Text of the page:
Last week's blog post touched upon the conflicting nature of the trucking industry. Although an integral part of commerce in the country, characteristics unique to the industry make truckers more susceptible to becoming involved in accidents similar to the one reported last week, resulting in one person's death.
Accident victims and their loved ones often feel frustrated after a car crash, and they want answers. How the accident was caused and whether their life will ever be the same are just some of the questions that go through the minds of many car accident victims. Getting answers can be difficult, but obtaining accountability doesn't have to be. In Indiana, it is possible to hold not only a drunk driver accountable for his or her negligent act, but also the establishment or host that provided him or her with alcohol.
As discussed last week, though many people don't think the circumstances surrounding their injuries is important, in a legal context it determines the type of case one can pursue and the relevant procedural requirements. For example, getting injured in a car accident may be a personal injury claim while a workplace accident may lead to a workers' compensation claim.
When someone is hurt due to another person's negligence, the last thing on their mind might be holding the negligent party responsible. But as the medical bills pile up and wages are lost due to the injury, they might come to realize that compensation for the personal injury may be one way to gain financial stability. There are different legal options available to injured Indiana residents, depending on the injury.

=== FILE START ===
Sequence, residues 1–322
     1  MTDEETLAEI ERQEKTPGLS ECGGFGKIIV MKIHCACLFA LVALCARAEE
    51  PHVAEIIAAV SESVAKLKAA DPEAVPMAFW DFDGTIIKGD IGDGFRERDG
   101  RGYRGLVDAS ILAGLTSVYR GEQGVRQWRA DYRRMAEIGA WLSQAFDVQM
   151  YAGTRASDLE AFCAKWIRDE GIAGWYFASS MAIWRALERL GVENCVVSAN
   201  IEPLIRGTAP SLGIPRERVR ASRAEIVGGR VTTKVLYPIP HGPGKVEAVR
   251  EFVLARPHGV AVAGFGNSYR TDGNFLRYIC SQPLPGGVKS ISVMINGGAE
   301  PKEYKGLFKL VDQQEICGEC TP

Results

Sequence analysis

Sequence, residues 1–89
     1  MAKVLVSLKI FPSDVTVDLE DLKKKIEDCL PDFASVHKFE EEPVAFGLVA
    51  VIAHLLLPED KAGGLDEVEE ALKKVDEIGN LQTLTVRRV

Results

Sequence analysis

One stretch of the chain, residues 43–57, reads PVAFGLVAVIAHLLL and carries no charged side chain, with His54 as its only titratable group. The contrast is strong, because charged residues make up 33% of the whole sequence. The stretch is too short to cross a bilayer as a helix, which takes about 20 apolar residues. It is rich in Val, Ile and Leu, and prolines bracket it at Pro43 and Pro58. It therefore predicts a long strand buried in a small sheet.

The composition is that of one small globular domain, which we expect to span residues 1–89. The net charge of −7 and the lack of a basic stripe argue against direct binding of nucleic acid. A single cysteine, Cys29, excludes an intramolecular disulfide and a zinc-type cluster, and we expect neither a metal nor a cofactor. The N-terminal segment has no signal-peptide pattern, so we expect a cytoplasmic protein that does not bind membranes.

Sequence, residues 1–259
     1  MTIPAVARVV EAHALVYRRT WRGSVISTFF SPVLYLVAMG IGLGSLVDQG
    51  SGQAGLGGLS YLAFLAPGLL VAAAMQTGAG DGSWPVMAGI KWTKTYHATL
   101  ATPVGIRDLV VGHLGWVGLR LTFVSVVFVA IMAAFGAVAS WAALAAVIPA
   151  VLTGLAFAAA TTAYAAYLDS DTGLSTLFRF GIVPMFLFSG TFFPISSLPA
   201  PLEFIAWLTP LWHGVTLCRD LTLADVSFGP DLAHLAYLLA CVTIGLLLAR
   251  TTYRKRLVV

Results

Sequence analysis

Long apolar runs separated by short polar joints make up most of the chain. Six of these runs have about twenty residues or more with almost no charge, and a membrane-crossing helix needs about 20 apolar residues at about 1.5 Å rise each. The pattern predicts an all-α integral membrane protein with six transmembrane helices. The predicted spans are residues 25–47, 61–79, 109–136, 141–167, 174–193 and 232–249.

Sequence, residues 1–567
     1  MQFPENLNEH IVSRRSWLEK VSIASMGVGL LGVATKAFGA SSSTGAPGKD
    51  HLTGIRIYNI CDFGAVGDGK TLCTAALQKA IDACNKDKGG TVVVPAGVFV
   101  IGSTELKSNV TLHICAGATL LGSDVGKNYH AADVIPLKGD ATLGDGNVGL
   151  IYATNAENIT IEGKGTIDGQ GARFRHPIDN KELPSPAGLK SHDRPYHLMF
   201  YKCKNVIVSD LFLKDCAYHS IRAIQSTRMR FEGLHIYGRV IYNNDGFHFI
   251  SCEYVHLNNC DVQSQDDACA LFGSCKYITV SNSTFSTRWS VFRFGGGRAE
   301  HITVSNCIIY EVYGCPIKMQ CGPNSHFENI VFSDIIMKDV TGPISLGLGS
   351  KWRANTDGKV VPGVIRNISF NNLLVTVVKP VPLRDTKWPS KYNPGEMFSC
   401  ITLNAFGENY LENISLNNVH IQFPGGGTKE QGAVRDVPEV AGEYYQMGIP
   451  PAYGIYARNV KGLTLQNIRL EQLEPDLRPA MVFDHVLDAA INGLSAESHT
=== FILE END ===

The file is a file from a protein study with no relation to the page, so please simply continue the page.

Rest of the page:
Holiday season means gifts -- both buying and receiving. But what happens when a product a person in Indiana receives injures them? Who can they hold accountable for the injuries they have sustained and the medical costs they have incurred for their treatment? Does the fact that the injured party is not even the purchaser of the product bar them from recovering against the supplier of the product?
Everyone loves a good sale and "Black Friday" often provides amazing discounts that Indiana residents cash in on to complete their holiday shopping. People scour various websites to find out what deals to expect, when the stores will open and the added incentive being early will provide. With all the excitement comes mayhem, and the frenzy often leads to injuries and deaths. The Occupational Safety and Health Administration provides guidelines for retailers as to how to control a crowd and avoid related injuries.
When it comes to car accident insurance and recovery, Indiana follows the 'at-fault' rule. When seeking compensation against the negligent driver who caused one's injuries, it is important to understand what this term means and signifies with regards to recovery.
There is little that can make losing a loved one in a sudden car accident worse, but when parents witness the crash that results in the death of their young children, there is little that can be said to console them. People who have lost loved ones in crashes try to make sense of the situation-how could this happen and how are they going to move on with their lives? The trauma and loss cannot be explained or quantified.
Like other states across the country, Indiana is required to carry workers' compensation insurance for their employees. This means when an employee is injured during the course of their employment, their employer will compensate them for their medical expenses and other expenses. The program also does not need injured workers to prove the injury was their fault to receive compensation.
It happens all the time-you see a cute playful dog, you rush forward to pet it and it starts playing with you. What else happens quite often? The dog ends up biting someone. According to the Centers for Disease Control and Prevention, around 4.5 million dog bites take place across the country annually. So, what do you do if you are bitten by a dog in Indiana?